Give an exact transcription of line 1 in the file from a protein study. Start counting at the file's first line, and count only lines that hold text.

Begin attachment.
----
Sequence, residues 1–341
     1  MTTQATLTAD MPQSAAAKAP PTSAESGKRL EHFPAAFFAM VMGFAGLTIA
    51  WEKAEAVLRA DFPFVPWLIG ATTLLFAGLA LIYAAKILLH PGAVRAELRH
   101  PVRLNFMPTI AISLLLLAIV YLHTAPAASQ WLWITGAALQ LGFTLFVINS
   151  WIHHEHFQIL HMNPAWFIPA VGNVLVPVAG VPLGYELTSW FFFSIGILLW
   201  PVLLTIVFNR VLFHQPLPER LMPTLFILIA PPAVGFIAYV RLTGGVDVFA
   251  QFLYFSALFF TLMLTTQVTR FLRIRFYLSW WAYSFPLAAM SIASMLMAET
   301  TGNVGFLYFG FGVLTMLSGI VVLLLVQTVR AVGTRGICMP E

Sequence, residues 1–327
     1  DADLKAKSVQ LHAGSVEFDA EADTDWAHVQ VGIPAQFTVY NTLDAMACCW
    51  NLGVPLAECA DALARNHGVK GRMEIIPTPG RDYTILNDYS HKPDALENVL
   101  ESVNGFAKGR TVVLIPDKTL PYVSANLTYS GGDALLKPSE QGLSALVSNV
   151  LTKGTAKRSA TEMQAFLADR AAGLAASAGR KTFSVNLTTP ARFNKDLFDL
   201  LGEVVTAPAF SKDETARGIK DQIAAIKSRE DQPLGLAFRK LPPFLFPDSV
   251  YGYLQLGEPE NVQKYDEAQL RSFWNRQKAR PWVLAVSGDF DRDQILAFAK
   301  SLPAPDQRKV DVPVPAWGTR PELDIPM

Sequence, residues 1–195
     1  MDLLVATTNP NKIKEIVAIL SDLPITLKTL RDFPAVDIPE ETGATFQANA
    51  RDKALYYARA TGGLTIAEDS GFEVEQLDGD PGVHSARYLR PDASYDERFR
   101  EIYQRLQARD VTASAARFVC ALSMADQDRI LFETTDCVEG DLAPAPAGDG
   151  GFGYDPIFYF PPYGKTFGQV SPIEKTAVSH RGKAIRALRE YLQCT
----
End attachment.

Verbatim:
Sequence, residues 1–341